Deep resistivity structure of the northwest Indian Himalaya and its tectonic implications

Arora, B. R. ; Unsworth, M. J. ; Rawat, G. (2007) Deep resistivity structure of the northwest Indian Himalaya and its tectonic implications Geophysical Research Letters, 34 . L04307_1- L04307_4. ISSN 0094-8276

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Long period magnetotelluric (MT) data were collected at 15 stations on a 250 km long profile in the northwest Indian Himalaya to study the structure of this continent-continent collision zone. Two dimensional MT inversion was used to find a resistivity model that fit the data. In the upper crust low resistivity was imaged on the limbs of the Tso-Morari dome and may originate in serpentenization or zones of graphite. The Indus Tsangpo Suture was imaged as a sub-vertical conductive structure that dips northeast and merges with a mid-crustal conductor. A north dipping zone of low resistivity is imaged at the top of the underthrust Indian Plate and is likely due to fluids expelled from the underthrust sedimentary rocks. North of the Indus Suture zone this layer is located at 20-25 km depth with a conductance around 3000 S. The resistivity of 5-10 Ωm can be attributed to the presence of fluids, likely partial melt or aqueous fluids. This layer is underlain by a relatively resistive Indian crust that extends from the High Himalaya to north of the Indus suture. A decrease in deep resistivity was observed at the northern end of the profile, and is similar to the structures observed further east in the region of the indepth study, despite the smaller north-south extent of the orogen in the Indian Himalaya.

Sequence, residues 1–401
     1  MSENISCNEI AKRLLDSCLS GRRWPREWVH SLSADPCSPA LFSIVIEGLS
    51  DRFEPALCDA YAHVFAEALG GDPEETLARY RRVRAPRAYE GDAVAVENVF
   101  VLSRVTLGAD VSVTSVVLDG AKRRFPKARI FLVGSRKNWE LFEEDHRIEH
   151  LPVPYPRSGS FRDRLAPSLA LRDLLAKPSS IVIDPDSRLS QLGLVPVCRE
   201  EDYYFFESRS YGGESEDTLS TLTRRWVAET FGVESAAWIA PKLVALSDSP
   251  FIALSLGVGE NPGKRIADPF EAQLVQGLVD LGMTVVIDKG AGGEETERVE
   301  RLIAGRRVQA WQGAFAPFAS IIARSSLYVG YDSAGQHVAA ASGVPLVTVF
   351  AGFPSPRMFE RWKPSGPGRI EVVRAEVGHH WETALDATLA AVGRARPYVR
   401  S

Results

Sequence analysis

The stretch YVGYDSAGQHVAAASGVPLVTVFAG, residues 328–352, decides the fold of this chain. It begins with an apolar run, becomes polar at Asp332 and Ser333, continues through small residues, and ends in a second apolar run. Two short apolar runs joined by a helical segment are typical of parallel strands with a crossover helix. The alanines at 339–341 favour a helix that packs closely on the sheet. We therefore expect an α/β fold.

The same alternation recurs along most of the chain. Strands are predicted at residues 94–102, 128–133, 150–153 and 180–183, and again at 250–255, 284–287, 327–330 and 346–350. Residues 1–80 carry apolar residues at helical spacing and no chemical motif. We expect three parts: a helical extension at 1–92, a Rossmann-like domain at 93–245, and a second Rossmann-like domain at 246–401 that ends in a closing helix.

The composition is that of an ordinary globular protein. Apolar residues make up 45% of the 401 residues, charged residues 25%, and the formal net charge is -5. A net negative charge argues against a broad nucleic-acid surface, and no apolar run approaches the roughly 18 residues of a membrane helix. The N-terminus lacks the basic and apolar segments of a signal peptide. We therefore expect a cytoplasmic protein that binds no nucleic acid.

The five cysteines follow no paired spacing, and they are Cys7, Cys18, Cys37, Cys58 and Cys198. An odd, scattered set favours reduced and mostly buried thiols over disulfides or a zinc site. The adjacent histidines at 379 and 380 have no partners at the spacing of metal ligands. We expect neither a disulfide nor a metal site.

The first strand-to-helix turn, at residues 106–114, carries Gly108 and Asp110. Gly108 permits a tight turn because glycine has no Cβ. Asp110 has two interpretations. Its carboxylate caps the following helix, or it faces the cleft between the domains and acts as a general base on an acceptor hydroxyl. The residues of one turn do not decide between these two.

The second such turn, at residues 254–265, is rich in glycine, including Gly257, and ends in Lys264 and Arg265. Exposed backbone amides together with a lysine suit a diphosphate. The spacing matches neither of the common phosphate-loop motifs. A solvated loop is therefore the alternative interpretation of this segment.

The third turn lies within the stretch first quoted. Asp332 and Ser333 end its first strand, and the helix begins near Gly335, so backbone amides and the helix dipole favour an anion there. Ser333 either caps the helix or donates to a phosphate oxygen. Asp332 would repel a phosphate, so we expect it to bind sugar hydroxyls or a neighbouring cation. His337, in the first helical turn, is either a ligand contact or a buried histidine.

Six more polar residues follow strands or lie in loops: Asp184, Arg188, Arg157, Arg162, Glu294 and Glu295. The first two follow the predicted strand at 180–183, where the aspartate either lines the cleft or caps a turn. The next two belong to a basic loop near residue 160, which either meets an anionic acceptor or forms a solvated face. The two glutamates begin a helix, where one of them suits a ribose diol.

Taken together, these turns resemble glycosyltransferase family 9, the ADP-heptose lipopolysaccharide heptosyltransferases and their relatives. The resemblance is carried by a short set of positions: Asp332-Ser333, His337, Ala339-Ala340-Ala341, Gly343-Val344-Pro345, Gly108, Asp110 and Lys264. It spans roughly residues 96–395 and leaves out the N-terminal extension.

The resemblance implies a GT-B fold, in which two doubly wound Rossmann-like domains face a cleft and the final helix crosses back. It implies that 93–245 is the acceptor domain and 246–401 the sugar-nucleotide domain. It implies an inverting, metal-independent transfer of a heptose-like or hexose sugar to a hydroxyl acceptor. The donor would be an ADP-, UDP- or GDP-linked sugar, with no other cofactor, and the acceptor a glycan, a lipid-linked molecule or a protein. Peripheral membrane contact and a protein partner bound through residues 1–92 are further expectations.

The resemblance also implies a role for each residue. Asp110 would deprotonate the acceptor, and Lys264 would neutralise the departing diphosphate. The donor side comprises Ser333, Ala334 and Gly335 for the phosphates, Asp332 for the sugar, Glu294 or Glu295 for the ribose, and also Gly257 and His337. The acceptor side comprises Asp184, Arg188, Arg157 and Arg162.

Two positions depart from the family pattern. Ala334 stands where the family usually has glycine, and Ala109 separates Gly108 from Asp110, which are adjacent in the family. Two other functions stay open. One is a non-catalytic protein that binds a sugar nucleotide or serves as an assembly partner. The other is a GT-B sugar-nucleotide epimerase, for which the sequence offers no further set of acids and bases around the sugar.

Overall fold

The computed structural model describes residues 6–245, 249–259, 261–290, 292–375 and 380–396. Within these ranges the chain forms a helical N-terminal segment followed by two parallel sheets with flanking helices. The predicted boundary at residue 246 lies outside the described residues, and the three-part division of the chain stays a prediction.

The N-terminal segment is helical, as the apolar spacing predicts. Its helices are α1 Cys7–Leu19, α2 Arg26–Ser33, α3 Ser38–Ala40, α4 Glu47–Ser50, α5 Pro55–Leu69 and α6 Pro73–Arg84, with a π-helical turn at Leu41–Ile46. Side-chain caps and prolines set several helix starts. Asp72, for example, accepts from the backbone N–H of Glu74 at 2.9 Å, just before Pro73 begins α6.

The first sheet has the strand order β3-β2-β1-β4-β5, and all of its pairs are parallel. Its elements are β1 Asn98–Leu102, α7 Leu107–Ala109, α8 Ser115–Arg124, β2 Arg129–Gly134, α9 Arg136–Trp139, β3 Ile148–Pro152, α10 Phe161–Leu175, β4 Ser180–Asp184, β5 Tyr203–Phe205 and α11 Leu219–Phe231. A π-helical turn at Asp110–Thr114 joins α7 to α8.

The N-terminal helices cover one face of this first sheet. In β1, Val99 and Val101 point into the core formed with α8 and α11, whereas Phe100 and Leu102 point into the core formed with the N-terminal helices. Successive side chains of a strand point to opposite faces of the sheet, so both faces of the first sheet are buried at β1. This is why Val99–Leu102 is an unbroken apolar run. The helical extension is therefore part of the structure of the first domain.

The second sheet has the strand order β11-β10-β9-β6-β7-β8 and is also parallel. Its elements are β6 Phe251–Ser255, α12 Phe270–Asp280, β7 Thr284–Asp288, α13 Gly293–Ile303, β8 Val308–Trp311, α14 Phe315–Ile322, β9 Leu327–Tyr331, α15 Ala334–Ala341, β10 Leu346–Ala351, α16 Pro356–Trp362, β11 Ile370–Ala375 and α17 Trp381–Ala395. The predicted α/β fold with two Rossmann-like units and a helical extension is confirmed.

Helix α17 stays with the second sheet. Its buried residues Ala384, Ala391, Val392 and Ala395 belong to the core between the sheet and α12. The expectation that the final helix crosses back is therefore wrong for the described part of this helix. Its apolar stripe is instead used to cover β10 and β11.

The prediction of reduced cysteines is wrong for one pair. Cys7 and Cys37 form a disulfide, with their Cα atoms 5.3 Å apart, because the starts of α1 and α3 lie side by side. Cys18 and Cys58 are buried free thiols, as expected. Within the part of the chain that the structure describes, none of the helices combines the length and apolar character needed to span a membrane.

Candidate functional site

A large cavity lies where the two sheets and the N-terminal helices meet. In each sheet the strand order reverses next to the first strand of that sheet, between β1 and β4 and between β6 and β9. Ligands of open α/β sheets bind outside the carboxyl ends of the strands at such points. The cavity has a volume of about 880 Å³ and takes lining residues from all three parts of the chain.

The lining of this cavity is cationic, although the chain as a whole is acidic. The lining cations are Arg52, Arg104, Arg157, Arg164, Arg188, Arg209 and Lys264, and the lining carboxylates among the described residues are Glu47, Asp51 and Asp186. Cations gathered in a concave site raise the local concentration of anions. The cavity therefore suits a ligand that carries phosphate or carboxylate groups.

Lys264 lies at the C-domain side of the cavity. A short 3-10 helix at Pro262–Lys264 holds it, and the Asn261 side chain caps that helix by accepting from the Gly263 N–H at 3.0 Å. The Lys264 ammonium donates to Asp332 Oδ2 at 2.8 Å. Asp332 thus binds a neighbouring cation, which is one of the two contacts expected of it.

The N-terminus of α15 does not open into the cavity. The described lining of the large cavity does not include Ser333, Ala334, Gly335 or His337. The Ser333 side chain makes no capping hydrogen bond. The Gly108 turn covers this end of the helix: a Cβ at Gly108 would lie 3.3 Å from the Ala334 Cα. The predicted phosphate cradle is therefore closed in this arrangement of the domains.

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Deposited On:25 Sep 2010 06:41
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